Important References: 
Anderson, M.D. 2000. Lappetfaced Vulture Torgos tracheliotus. Pp. 77-79 in
  K.N. Barnes (ed.), The Eskom Red Data Book of birds of South Africa, Lesotho
  and Swaziland. BirdLife South Africa, Johannesburg.
Bridgeford, P. 2004. Lappet-faced Vulture Torgos tracheliotus. Pp. 28-33
  in A. Monadjem, M.D. Anderson, S.E. Piper, and A.F. Boschoff (eds.),
  The vultures of southern Africa -- quo vadis? Birds of Prey Working Group,
  Johannesburg, South Africa.
Brown, L.H., E.K. Urban, and K. Newman. 1982. The birds of Africa. Vol. 1.
  Academic Press, London.
Ferguson-Lees, J., and D.A. Christie. 2001. Raptors of the world. Houghton
  Mifflin, Boston, MA.
Kemp, A.C. 1994. Lappet-faced Vulture. P. 129 in del Hoyo, J., A. Elliott,
  and J. Sargatal (eds). Handbook of birds of the world. Vol. 2. New World
  vultures to guineafowl. Lynx Edicions, Barcelona, Spain.
Mundy, P.J. 1982. The comparative biology of southern African vultures.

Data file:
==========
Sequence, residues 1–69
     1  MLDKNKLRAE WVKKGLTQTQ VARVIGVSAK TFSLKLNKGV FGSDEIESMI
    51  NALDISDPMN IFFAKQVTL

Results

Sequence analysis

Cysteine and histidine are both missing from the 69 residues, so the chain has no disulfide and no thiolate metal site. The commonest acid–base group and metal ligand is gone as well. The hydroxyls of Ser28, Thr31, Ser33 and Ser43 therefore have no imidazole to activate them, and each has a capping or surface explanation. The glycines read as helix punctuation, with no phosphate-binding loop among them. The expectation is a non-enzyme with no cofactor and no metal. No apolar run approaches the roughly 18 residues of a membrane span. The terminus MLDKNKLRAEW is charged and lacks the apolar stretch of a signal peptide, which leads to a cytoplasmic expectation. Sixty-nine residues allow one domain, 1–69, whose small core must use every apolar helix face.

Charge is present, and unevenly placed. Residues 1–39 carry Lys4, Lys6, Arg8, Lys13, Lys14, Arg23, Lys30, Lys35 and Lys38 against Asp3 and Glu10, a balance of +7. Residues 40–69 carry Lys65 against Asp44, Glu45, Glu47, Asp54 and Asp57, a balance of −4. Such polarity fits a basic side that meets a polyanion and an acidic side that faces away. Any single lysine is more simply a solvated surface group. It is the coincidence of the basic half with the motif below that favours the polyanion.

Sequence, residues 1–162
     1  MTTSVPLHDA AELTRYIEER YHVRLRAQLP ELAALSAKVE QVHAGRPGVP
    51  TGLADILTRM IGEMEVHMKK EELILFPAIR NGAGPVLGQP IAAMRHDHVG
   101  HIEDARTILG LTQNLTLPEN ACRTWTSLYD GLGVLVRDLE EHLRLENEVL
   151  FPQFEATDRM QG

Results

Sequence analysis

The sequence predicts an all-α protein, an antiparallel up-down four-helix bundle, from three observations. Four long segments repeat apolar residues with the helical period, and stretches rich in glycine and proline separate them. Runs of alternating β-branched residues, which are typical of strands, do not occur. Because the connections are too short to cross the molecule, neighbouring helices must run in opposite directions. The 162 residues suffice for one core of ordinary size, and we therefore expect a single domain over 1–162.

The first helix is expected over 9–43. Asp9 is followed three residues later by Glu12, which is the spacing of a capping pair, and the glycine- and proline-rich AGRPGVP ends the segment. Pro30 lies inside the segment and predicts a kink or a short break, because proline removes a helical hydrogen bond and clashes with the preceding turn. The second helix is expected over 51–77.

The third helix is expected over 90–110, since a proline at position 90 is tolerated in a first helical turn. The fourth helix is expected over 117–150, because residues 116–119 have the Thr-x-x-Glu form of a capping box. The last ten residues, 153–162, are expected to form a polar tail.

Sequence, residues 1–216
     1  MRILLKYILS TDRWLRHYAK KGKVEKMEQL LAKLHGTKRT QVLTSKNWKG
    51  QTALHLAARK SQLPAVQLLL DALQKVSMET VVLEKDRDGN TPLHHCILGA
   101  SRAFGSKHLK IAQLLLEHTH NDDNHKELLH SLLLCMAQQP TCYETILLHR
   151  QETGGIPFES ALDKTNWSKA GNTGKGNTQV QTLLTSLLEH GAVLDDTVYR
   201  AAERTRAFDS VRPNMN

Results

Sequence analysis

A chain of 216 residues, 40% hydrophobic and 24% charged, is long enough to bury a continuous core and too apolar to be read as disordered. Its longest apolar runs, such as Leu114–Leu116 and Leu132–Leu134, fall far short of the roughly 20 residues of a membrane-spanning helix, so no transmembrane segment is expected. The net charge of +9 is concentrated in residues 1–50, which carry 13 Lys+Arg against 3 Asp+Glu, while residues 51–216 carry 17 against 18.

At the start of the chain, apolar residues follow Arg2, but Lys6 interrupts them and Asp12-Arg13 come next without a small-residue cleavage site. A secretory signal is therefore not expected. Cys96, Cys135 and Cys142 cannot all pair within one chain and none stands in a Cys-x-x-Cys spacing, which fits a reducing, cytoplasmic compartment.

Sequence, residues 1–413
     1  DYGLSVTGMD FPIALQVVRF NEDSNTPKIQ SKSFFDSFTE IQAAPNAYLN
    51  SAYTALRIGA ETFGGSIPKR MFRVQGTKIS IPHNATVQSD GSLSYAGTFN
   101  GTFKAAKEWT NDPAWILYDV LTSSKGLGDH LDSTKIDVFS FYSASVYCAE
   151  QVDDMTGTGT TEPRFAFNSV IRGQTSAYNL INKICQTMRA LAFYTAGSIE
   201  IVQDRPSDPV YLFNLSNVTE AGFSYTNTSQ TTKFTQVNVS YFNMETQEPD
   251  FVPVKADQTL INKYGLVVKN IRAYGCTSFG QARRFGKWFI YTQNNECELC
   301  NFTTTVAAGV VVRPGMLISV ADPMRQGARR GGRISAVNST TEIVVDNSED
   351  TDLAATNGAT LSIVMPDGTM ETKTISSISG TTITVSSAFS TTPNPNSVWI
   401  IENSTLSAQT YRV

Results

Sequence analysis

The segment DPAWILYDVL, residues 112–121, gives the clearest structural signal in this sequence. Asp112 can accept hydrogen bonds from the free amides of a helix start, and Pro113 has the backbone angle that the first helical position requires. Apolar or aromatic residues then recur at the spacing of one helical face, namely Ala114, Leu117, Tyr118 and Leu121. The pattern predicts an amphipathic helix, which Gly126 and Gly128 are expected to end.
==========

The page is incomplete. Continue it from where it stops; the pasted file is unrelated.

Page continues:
Vulture Study Group, Johannesburg, South Africa.
Mundy, P.J. 1997. Lappetfaced Vulture. Pp. 162-163 in J.A. Harrison et al.
  (eds.), The atlas of South African birds. Volume 1: Non-passerines. BirdLife
  South Africa and Avian Demography Unit, Johannesburg, South Africa.
Mundy, P.J., J.A. Ledger, and R. Friedman. 1992. The vultures of Africa.
  Academic Press, London.
Piper, S.E. 2005. Lappet-faced Vulture Torgos tracheliotus. Pp. 491-492 in
  P.A.R. Hockey, W.R.J. Dean, and P.G. Ryan (eds.), Roberts Birds of Southern
  Africa. 7th ed. Trustees of the John Voelcker Bird Book Fund, Cape Town,
  South Africa.
Shimelis, A., E. Sande, S. Evans, and P. Mundy (eds.). 2005. International
  Species Action Plan for the Lappet-faced Vulture, Torgos tracheliotus.
  BirdLife International, Nairobi, Kenya, and Royal Society for the Protection
  of Birds, Sandy, Bedfordshire, UK.
  http://www.birdlife.org/action/science/species/species_action_plans/africa/lappet-faced_vulture_sap.pdf.
Steyn, P. 1982. Birds of prey of southern Africa: their identification and
  life histories. David Phillip, Cape Town, South Africa.
more....

Sites of Interest:
BirdLife International
Details on status and conservation needs.
VIREO
Lappet-faced Vulture photos.

Researchers:
Hancock, Pete
Kendall, Corinne
Obodi, Veryl Achieng
Rondeau, Guy

Last modified: 5/31/2012

Recommended Citation: Global Raptor Information Network. 2014. Species account: Lappet-faced Vulture Torgos tracheliotus. Downloaded from http://www.globalraptors.org on 17 Apr. 2014